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FREDERICK Ho Wing-huen has a ready answer for fellows who throw him the line “There are lies, damned lies and statistics.”

“Statistics do get into some awkward situations, becoming the victim of damned people including some ‘damned statisticians’, of course,” he says, with a smile. “Indeed, the very task of a good statistician is to expose misuses and abuses of statistics.”

Mr Ho, who spent 34 years as a statistician with the civil service, including the top posting of Commissioner for Census and Statistics from 1992 until his retirement in 2005, believes that it is important that the public has a basic level of “statistical literacy” so that they can benefit from using available statistics and can discern for themselves whether or not a statement made by others about certain data is proper.

The importance of an informed public quickly became obvious when Mr Ho took the top posting 16 years ago. At that time, statistics were often greeted with suspicion. “For example, with the Consumer Price Index (CPI), people would say ‘the price of rice has gone up 20%! How can you say the CPI has gone up only 6, 5 or 4%?’. They did not realise that a lot of other products, which had not experienced price hikes, were also included in the index.”

Statistics gaining acceptance

Mr Ho is very pleased that through the emphasis on scientific principles, professional ethics and international standards, Hong Kong’s official statistics have gradually gained general trust among the local and international communities.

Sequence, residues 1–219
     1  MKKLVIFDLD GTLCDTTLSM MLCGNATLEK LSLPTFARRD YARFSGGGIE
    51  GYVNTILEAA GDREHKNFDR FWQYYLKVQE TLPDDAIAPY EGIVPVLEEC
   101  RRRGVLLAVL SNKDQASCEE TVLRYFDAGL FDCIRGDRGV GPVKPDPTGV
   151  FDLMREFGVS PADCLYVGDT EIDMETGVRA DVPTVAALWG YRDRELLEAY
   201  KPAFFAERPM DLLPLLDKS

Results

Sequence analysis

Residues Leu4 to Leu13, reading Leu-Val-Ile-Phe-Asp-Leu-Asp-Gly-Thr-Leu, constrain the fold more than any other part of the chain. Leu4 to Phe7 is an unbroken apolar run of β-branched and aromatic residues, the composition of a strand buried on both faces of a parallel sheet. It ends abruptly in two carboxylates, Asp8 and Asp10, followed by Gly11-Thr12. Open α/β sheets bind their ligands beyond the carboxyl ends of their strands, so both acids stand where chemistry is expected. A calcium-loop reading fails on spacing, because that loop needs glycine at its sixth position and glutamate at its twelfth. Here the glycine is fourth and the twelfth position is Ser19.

Over the years, Mr Ho grew adept at handling tricky situations, such as dealing with irate citizens who took offence at being asked highly personal questions (e.g. about issues such as abortion, drug-taking and stealing). One sensitive issue that caused Mr Ho a considerable headache was when his department had to ask members of the public if they had any children born out of registered marriage. “Imagine what an older woman would say if asked that. She would say ‘Go to hell!’. So we decided to use a special method known as the ‘randomised response technique’.”

Mr Ho grins when he remembers this rather simple, but ingenious technique, which he learned in the United States on one of his overseas study visits. It worked like this: the interviewer would ask the respondent to put his/her hand into a bag containing a number of photo film holders, some with a lid and some without. The respondent would pick one (his/her hand still inside the bag) and not tell the interviewer which one.

Keeping a lid on embarrassment

The interviewer would then give the respondent two questions — one about the private, sensitive matter and the other about catching taxis — and the former would tell the latter that if he had picked the holder with a lid he should answer the question about taxis, and if not, he should answer the personal question. The formats of the answers to the two different questions were the same, for example: [a] represented “none”, [b] represented “one”, [c] represented “two”, and so on. In this way, he could answer truthfully without embarrassment since the interviewer did not know which question he was answering. The answer “b” could mean “one child’ or “one taxi trip”! The data thus obtained, together with separate data collected about taxi travel, would enable the data required of the sensitive subject to be estimated with relevant statistical formulas. Details about the technique are commonly available from statistical texts.

A Hong Kong childhood

Mr Ho has fond memories of growing up in Hong Kong after moving here from Shanghai at the age of 4. His family, like many others in Hong Kong at that time, was involved in the textiles industry, running a small cloth-wholesaling business. He says that he knew the streets of Sham Shui Po like the back of his hand, having to walk back and forth through the area on the way to the school situated there from his home on the Hong Kong Island at the age of 11. Ever since, he has enjoyed visiting various parts of Hong Kong on foot or by bus, marvelling at how the city had changed over the years.